The ability to lipread can be a blessing and a curse. Twenty five years later, I vividly recall driving my grandfather home and being on the tail end of a truck driver’s angry rant. As a newly licensed driver, I was cautious – even more so with my taciturn grandfather in the car. I was taken aback when I experienced my first road rage incident. “You fucking bitch!” came through loud and clear, even though I was the only one who “heard.”
Flipping the bird, however, is universally understood – except for deaf kids, perhaps. When we were little, my sister and I thought it meant “baby.” After witnessing us use the greatest insult we knew, our parents sat us down and proceeded to enlighten us. That day, not only did we learn about “the bird,” but we also learned about the more colorful versions of “donkeys” and “cats.” Of course, before we were told all the swear words, we were cautioned never to use them. Our parents wisely figured better them as a source than wherever we got “baby” from.
And now, to my parents’ great pride, I have a potty mouth. But I try to use it judiciously. The key word being “try.” My 13-year-old has asked when she can swear. I told her to wait as long as possible, because once you start, it’s hard to stop. We did give her permission to use “hell” when appropriate. She’s gotten good at substituting “crap” for more damaging words, and using the right intonation and emphasis to make it sound worse than it really is, like “What the CRAP!?” and “Crap you!”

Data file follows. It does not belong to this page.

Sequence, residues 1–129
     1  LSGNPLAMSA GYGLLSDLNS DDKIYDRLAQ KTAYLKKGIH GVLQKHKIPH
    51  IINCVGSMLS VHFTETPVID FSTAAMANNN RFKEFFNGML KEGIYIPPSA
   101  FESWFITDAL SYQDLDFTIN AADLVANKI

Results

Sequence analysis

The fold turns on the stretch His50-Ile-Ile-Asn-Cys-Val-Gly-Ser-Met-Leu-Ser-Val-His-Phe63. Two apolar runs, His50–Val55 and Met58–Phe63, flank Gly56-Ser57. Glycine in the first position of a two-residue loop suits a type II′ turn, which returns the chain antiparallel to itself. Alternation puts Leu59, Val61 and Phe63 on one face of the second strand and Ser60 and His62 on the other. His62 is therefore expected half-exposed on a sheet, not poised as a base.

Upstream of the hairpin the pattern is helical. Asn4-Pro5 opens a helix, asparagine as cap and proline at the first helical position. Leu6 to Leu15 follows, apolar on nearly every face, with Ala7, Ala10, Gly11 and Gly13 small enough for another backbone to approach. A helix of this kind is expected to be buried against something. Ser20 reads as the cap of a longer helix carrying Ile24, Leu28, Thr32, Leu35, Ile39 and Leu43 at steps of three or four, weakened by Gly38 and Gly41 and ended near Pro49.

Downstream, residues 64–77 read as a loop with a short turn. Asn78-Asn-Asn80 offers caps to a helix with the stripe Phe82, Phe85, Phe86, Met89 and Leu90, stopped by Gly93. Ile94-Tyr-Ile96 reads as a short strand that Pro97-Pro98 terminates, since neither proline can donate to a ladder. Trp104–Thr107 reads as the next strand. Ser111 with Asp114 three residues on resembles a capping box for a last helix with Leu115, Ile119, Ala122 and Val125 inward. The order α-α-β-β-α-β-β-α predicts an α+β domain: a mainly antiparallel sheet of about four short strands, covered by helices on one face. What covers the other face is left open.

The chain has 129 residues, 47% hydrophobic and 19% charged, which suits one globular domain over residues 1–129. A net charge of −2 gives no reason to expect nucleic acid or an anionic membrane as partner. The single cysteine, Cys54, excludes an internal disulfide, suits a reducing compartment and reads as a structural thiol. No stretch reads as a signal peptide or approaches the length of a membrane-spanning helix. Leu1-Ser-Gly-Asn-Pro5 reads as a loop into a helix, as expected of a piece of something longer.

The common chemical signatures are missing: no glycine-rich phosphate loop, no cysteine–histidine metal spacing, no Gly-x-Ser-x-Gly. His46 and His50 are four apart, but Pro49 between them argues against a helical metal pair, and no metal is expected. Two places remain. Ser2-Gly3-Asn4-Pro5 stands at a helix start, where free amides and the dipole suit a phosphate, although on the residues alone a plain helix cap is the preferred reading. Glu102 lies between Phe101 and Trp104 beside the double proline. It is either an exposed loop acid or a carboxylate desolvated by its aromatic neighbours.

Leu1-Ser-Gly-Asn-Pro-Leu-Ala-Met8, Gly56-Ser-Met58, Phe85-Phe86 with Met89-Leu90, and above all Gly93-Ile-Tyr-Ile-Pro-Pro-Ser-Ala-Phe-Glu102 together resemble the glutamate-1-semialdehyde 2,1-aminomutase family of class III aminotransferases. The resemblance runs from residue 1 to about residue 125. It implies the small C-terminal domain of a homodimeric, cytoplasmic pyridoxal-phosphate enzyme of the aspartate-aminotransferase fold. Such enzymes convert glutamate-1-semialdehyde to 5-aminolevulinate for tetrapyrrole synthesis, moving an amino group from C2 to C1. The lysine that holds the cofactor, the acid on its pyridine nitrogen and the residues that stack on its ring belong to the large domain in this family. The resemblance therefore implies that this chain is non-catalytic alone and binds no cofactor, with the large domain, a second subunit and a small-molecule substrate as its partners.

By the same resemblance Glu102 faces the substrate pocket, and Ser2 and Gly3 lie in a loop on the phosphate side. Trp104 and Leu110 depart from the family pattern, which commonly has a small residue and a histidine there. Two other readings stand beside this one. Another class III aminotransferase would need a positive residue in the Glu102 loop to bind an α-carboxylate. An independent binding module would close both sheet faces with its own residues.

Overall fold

When my daughter voluntarily interprets, it’s an added bonus when she gets to swear in the process. Hmm, perhaps that’s why she’s doing it voluntarily!
To lessen the damage, I’ve tried using fictional curse words from TV shows, like “frak,” or “frick,” which are close enough to be slightly satisfying. As a family, we’ve had fun coming up with other alternatives, like “Shish kebob,” or more accurately, “Shhhhish kebob.” “Shhhiitake mushroom” is another one.
But when we mean business, we resort to the time-honored standbys. My daughter’s procrastination — especially around bedtime — is so bad (or so good, depending on your perspective) that my husband’s common refrain is, “Get the fuck in bed!” For his birthday, we got him the popular book, Go the Fuck to Sleep by Adam Mansbach, which reads like a children’s book for adults. Take this excerpt:
The owls fly forth from the treetops.
Through the air, they soar and they sweep.
A hot crimson rage fills my heart, love.
For real, shut the fuck up and sleep.
Naturally, we couldn’t resist getting him the sequel, You Have to Fucking Eat, which applies to our picky eater son.
Truth be told, I’d rather eat my shiitake mushrooms and shish kebobs than try to get them trending as #alternativecursewords. The other thing I’m sure of is that this is one fucking bitch who won’t make the mistake of calling her kids “baby.”